It’s another putt that could have turned PGA National upside down, but Woods missed that.
“It really is hard to make birdies,” he said. “At least I found it hard. It was hard to get the ball close, even if the ball is in the fairway, it's still very difficult to get the ball close, with the wind blowing as hard as it is. It’s hard to make putts out here.”
Patton Kizzire, a two-time PGA Tour winner who won just last month at the Sony Open, could attest to how tough the test at Honda has become. He played alongside Woods this week for the first time in his career. He shot 78 Friday and missed the cut.
Kizzire had a close-up look at what suddenly seems possible for Woods again.
“He’s figuring it out,” Kizzire said. “He hit some nice shots and rolled in some nice putts. It was pretty impressive.”
Woods could not hide his excitement in getting himself in the weekend hunt, but his expectations remain tempered in this comeback. He knows the daily referendums his game is subject to, how we can all make the highs too high and the lows too low.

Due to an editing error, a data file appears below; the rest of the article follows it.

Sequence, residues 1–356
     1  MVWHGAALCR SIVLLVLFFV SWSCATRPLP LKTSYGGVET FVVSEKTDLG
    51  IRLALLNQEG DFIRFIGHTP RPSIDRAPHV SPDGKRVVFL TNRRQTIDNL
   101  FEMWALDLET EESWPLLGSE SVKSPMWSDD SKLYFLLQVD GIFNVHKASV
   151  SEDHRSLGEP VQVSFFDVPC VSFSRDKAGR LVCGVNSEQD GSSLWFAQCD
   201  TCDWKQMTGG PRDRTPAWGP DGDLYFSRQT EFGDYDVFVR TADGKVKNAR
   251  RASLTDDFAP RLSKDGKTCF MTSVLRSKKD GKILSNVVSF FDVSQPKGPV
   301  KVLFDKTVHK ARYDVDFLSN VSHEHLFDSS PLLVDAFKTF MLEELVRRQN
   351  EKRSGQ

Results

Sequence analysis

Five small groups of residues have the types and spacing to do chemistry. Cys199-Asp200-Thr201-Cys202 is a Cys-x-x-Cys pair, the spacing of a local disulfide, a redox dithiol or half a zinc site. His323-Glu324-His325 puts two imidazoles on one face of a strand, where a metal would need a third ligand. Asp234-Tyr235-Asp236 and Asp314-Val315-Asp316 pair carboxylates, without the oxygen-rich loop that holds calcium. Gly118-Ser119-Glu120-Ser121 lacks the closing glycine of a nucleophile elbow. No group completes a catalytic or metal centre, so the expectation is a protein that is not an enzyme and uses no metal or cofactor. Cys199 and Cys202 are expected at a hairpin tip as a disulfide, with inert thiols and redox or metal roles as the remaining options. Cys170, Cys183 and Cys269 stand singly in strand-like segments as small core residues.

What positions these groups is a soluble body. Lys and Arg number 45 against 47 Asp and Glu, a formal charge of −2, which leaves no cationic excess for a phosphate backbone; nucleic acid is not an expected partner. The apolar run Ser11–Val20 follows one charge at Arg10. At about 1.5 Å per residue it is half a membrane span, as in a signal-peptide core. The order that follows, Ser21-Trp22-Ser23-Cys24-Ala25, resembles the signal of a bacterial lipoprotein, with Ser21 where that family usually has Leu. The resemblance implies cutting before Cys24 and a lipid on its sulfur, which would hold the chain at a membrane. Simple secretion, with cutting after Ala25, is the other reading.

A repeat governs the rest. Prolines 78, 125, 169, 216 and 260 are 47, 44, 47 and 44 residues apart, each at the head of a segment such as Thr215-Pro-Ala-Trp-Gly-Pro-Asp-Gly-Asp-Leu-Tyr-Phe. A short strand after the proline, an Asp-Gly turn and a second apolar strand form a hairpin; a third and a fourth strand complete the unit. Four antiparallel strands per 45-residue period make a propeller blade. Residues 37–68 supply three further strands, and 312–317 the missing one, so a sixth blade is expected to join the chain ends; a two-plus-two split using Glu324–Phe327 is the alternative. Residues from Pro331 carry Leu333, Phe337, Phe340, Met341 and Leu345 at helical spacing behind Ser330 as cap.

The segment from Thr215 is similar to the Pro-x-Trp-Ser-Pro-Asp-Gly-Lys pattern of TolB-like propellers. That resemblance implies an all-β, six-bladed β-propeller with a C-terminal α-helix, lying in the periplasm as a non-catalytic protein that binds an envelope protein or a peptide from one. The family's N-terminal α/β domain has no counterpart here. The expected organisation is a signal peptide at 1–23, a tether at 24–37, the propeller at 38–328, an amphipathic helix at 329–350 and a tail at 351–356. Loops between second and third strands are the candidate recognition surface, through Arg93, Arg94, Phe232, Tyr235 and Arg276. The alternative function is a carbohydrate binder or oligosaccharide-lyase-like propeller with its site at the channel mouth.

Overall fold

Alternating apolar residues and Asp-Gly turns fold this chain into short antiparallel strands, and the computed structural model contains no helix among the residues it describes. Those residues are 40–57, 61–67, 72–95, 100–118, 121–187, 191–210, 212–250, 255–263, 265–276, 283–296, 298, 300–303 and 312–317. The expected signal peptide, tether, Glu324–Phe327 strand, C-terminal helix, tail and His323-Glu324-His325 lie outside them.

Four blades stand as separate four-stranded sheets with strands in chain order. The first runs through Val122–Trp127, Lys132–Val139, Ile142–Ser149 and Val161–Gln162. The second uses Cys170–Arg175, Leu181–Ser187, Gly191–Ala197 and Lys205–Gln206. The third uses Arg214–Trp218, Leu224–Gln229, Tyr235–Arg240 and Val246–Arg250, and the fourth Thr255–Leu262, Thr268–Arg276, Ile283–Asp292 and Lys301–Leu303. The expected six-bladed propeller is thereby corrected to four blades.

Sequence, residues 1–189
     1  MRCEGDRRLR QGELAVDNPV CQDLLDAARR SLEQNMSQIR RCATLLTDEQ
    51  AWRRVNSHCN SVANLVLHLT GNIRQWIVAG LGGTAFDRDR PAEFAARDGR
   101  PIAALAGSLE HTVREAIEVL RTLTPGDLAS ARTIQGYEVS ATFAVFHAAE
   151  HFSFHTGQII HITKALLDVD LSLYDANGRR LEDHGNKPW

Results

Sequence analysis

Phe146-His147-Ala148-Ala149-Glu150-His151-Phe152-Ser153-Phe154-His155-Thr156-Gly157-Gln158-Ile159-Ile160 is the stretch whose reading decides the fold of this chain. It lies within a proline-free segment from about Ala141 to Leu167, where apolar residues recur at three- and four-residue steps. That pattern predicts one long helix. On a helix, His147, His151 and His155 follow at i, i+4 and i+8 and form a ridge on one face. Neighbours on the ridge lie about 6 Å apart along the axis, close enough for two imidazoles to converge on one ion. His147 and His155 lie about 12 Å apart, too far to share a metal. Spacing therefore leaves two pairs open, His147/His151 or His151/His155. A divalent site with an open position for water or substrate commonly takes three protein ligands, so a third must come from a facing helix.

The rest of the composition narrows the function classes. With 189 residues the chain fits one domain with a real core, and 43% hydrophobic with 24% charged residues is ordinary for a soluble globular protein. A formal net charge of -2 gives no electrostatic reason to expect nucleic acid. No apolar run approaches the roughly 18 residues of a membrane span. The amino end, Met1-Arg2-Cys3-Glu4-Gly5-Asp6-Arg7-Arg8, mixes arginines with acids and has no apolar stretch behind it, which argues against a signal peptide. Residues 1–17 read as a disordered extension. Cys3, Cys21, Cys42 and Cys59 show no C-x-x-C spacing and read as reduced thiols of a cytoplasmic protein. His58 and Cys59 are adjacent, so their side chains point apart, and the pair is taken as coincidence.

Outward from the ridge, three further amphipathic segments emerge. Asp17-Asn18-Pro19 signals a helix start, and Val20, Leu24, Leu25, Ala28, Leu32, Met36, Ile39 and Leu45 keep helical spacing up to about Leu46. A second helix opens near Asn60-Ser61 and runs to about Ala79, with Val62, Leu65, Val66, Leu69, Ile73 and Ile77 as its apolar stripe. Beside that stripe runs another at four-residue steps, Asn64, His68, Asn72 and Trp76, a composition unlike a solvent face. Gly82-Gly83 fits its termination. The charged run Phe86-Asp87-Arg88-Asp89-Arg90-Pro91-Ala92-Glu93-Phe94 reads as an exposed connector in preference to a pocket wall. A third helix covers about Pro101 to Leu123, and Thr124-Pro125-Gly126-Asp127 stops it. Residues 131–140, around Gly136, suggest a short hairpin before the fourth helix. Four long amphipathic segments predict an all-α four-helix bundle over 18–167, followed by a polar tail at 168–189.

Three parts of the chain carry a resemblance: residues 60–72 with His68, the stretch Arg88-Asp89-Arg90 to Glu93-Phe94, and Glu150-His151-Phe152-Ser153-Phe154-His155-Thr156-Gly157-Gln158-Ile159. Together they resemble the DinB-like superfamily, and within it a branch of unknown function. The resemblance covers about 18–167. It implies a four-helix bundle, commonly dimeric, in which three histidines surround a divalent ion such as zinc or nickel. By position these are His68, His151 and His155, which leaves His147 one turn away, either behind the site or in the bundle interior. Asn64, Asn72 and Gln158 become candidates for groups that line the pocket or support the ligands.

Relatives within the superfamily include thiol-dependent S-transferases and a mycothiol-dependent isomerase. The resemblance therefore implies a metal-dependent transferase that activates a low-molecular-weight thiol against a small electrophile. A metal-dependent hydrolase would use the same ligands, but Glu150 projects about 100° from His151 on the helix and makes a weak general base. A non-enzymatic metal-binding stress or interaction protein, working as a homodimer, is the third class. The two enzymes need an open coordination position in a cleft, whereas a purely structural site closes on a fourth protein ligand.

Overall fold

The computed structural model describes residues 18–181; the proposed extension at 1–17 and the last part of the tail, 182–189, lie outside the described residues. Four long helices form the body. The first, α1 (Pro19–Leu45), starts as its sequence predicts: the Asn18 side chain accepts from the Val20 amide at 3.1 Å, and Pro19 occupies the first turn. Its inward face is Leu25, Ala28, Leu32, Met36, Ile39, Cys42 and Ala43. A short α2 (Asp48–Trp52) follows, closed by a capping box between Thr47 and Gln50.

“We’ve got a long way to go,” Woods said.
Woods lost a tee shot in a bush at the second hole and made bogey. He hit his tee shot in the water at the 15th and made double bogey. He three-putted the 16th to make bogey. He knows this course can derail a player’s plans in a hurry, but he knows his game is quickly coming around.
“I’m right there where I can win a golf tournament,” Woods said. “Four back on this golf course with 36 holes to go, I mean, anybody can win this golf tournament right now. It’s wide open.’”